Bioethics Blogs

The Ethics of Moral Outrage

by Kayhan Parsi, JD, PhD

Anybody can become angry – that is easy, but to be angry with the right person and to the right degree and at the right time and for the right purpose, and in the right way – that is not within everybody’s power and is not easy. –Aristotle

The year 2015 produced a mind numbing number of events that triggered intense social media anger. From the dentist who killed Cecil the Lion to the CEO who jacked up HIV/AIDS drugs, it seemed everyone had an excuse to be angry. With the ubiquity of social media, we now all have convenient outlets for our anger when someone displays extreme assholery.

This wasn’t always the case. I recall when I was a high school student, I read something in the local newspaper that triggered indignation and even anger on my part. I took that anger and wrote a letter to the editor. That same letter was then vetted by someone on the newspaper staff; a week or two later, my letter appeared in the local paper. Today, there is no filter. With a few strokes of a keyboard (or on a smartphone), we can quickly dispatch our anger and even contempt. The question is what deserves our anger and whether we have an ethical obligation to mitigate our anger or channel it in a productive way. There’s a moral difference between the righteous anger that produces social movements such as Black Lives Matter or White Coats for Black Lives and the anger that is triggered by something mindless, trivial or even stupid.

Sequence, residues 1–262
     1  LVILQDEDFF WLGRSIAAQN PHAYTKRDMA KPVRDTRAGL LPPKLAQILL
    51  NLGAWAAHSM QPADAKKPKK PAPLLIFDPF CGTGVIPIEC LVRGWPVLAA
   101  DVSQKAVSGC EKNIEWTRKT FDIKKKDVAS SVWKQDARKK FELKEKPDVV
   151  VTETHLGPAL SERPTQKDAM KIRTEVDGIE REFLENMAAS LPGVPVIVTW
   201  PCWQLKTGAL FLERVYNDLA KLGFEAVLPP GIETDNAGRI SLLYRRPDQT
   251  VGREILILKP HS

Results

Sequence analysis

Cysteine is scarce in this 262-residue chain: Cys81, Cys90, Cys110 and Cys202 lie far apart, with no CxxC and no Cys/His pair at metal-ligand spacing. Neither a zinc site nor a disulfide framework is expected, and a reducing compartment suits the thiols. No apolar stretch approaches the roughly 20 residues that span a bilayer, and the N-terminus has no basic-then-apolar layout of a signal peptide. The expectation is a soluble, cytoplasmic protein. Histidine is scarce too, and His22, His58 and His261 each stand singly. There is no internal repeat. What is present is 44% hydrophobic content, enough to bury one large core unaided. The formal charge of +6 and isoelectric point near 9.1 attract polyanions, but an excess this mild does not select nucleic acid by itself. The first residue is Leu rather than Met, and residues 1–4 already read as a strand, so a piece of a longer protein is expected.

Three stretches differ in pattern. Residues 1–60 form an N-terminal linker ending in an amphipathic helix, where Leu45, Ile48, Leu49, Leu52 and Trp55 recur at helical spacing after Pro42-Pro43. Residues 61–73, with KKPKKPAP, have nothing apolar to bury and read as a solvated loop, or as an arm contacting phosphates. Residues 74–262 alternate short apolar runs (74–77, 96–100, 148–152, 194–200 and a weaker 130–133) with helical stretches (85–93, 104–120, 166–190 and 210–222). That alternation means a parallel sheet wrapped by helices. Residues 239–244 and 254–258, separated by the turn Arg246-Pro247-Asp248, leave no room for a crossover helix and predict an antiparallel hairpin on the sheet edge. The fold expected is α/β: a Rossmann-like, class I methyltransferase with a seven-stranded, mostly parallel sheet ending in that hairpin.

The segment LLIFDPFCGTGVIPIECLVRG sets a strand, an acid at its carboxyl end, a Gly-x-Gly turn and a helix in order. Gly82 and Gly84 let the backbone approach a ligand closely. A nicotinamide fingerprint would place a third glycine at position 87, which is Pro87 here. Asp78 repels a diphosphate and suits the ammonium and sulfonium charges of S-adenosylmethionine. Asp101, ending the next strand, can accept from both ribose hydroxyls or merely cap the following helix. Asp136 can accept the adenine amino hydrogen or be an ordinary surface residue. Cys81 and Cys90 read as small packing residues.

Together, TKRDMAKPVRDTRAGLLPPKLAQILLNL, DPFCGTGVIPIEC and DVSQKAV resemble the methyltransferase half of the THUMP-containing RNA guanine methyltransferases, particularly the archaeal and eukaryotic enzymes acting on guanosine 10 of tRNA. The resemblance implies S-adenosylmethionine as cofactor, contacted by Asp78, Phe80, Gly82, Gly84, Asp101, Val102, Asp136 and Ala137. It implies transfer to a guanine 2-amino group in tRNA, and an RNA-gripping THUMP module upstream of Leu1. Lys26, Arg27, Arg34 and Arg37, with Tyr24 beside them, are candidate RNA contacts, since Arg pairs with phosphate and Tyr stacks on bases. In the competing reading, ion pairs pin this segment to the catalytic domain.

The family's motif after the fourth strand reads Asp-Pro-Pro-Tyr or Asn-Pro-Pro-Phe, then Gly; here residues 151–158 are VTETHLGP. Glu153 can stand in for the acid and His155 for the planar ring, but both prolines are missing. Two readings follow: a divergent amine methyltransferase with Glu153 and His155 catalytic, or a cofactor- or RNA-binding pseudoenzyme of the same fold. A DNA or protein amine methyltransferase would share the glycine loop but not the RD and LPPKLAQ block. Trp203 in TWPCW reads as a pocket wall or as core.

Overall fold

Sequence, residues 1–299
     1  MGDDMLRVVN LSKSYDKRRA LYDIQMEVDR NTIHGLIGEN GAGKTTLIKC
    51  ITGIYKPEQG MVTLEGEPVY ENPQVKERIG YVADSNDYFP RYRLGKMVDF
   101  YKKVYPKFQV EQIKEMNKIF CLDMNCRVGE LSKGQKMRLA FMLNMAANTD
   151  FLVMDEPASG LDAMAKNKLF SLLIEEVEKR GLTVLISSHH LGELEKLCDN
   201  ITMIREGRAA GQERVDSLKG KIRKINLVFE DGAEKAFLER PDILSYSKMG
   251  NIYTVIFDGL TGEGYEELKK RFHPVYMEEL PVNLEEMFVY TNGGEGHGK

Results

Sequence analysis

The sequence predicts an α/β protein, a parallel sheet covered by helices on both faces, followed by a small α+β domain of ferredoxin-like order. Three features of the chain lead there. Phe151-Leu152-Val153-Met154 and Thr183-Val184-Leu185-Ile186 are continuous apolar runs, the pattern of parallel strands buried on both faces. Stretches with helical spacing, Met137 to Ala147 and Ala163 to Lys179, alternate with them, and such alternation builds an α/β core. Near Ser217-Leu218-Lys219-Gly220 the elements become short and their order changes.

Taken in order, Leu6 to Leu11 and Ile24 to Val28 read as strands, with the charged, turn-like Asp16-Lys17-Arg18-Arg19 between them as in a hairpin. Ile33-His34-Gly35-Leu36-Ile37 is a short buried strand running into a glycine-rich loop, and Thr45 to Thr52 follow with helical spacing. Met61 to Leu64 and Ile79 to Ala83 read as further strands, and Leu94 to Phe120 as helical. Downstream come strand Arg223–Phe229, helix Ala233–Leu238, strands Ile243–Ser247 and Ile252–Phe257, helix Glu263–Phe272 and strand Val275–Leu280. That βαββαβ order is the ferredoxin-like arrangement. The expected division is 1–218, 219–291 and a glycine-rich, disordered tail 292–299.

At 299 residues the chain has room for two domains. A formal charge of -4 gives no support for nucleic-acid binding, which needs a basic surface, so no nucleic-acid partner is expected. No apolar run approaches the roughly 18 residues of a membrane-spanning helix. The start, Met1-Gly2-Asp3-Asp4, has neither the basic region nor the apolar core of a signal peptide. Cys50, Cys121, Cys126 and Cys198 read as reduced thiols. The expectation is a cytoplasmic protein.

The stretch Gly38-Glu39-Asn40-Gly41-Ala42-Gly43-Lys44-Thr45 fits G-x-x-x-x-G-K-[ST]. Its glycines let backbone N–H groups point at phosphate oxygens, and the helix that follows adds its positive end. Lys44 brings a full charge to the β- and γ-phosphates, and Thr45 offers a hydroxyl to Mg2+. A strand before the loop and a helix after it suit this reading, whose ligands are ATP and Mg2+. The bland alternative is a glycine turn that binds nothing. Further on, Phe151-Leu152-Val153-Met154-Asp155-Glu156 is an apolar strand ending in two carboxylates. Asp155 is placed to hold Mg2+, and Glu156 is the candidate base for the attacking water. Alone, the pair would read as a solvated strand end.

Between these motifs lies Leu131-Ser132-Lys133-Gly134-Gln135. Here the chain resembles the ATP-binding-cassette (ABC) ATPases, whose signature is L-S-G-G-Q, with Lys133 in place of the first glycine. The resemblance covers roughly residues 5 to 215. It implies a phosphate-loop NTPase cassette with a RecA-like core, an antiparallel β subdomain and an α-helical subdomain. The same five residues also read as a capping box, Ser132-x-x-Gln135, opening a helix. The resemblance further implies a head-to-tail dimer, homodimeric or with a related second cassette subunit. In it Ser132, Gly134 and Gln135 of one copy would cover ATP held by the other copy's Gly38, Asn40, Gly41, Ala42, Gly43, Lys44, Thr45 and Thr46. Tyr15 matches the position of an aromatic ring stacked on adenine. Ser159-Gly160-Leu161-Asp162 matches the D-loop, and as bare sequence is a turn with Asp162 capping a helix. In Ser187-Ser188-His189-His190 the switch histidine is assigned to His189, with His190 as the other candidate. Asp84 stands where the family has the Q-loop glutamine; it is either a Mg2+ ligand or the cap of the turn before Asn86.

The views, opinions and positions expressed by these authors and blogs are theirs and do not necessarily represent that of the Bioethics Research Library and Kennedy Institute of Ethics or Georgetown University.